LILBURN - The Lilburn City Council approved a measure Monday that will make the city one of the first to join the newly developed Gwinnett County Stormwater Utility.
The council had discussed options regarding stormwater for several months before opting to go with the county. The intergovernmental agreement approved at Monday's meeting will allow Gwinnett County to charge a stormwater utility fee to Lilburn residents. The fee will be based on each property owners amount of impervious service and be used to fund stream restoration, pipe replacement, and retention ponds.
"We have been debating this for the past several months," council member Ken Swaim said. "We decided in the work session to go with the county."
Gwinnett County set a deadline of July 1 for the 15 cities located within the county to decide if they were going to be a part of the county utility or come up with another plan for handling stormwater system repairs. The council considered other options such as joining other cities to form a utility separate from the county or creating its own city stormwater utility. The council decided these options would not be cost effective.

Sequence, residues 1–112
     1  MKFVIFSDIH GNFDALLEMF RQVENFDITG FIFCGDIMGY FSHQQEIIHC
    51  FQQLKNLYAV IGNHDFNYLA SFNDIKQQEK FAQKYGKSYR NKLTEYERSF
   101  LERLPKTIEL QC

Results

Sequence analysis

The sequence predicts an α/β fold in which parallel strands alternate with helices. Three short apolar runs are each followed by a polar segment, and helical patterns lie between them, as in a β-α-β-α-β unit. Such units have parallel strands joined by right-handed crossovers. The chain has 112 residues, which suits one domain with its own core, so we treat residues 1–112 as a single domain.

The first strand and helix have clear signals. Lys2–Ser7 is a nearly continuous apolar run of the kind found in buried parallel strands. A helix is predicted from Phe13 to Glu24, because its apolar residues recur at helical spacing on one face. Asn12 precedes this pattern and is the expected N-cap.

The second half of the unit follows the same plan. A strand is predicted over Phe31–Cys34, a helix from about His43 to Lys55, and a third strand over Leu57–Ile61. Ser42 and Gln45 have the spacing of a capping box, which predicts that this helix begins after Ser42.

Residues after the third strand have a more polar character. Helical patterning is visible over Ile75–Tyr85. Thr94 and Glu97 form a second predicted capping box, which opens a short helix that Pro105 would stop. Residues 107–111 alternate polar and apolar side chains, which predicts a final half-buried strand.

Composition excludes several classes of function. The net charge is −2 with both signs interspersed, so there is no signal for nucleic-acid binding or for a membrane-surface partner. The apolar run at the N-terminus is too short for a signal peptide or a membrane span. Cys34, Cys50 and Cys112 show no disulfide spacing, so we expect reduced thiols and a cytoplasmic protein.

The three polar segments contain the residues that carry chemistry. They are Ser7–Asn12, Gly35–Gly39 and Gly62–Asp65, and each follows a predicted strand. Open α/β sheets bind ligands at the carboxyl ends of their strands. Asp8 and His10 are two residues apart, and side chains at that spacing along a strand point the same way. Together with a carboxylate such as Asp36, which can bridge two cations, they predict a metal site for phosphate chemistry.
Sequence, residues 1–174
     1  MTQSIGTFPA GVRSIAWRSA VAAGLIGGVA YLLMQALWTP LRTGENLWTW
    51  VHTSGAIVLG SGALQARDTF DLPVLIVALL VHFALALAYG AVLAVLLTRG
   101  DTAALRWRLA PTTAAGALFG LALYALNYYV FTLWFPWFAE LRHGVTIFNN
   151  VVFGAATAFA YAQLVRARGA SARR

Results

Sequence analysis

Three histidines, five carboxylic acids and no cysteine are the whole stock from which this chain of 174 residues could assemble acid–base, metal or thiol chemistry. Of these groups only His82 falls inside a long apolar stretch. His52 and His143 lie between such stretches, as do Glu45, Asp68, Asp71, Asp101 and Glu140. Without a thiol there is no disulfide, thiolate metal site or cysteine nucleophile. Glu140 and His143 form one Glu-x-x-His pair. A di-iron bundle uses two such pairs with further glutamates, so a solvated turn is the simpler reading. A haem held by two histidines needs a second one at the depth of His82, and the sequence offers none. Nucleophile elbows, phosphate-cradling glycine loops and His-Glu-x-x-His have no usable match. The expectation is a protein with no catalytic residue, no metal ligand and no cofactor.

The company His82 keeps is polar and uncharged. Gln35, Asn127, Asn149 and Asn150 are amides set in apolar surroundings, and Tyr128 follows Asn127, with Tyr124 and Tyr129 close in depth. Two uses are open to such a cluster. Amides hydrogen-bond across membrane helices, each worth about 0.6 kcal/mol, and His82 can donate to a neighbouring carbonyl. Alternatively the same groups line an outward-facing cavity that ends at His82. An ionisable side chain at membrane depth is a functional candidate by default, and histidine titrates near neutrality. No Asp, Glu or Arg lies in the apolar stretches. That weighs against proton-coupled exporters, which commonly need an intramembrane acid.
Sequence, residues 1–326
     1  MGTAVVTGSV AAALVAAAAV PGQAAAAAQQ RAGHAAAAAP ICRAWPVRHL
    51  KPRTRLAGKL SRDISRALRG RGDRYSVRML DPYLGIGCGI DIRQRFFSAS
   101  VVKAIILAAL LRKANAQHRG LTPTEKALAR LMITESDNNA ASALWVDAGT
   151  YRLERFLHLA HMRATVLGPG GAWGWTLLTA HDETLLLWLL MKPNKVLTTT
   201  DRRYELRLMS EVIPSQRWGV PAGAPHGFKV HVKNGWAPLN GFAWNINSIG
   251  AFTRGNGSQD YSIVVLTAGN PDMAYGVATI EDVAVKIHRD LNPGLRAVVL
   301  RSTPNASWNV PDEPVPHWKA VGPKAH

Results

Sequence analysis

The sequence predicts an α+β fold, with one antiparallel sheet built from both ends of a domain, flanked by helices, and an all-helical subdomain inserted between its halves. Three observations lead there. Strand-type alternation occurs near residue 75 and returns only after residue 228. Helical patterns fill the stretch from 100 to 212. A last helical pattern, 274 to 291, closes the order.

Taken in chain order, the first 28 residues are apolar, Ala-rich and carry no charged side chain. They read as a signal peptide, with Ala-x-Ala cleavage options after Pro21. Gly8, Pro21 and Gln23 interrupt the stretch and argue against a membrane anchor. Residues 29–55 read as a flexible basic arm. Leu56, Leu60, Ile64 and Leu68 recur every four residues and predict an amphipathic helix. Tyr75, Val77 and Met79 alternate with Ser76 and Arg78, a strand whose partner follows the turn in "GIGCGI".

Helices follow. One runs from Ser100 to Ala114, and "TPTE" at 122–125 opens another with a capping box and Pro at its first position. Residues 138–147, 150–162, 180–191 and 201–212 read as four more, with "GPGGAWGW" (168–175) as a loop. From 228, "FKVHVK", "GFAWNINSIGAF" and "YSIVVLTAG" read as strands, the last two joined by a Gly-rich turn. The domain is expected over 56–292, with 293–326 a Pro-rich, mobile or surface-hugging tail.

The downside of a county utility is the city will have to rely on Gwinnett to set the priority level and complete stormwater system repairs. Also, questions about customer service, Federal Environmental Protection requirements and liability issues have yet to be answered.
"The good thing is that if we don't like the way the utility is going, we can opt out at any time," council member Scott Batterton said.
Council approves budget and millage rate
The council also approved the city's millage rate and operating budget for the coming year. The city's 2006-07 budget will be $6,587,361 and the millage rate will remain at 4.26.
"This budget is in keeping with the council's conservative fiscal policy," City Manager Tom Combiths said.
Although remaining the same, the millage rate is considered an increase in revenue for the city because of property revaluation and population increases. The council held three public hearings and received no opposition.
In other business, the Lilburn City Council:
•Approved sending the city's zoning map to the Planning Commission for further action regarding last month's approval of a special-use permit for Lilburn Motor Sales on U.S. Highway 29. The property covers three separate zoning classifications, one of which does not allow a SUP for auto repair.
•Approved new stoplight caperas for U.S. Highway 29 at Rockbridge Road.
•Approved an increase in cost from the city's garbage company United Waste not to exceed 6 percent. United had requested a 9.9 percent increase.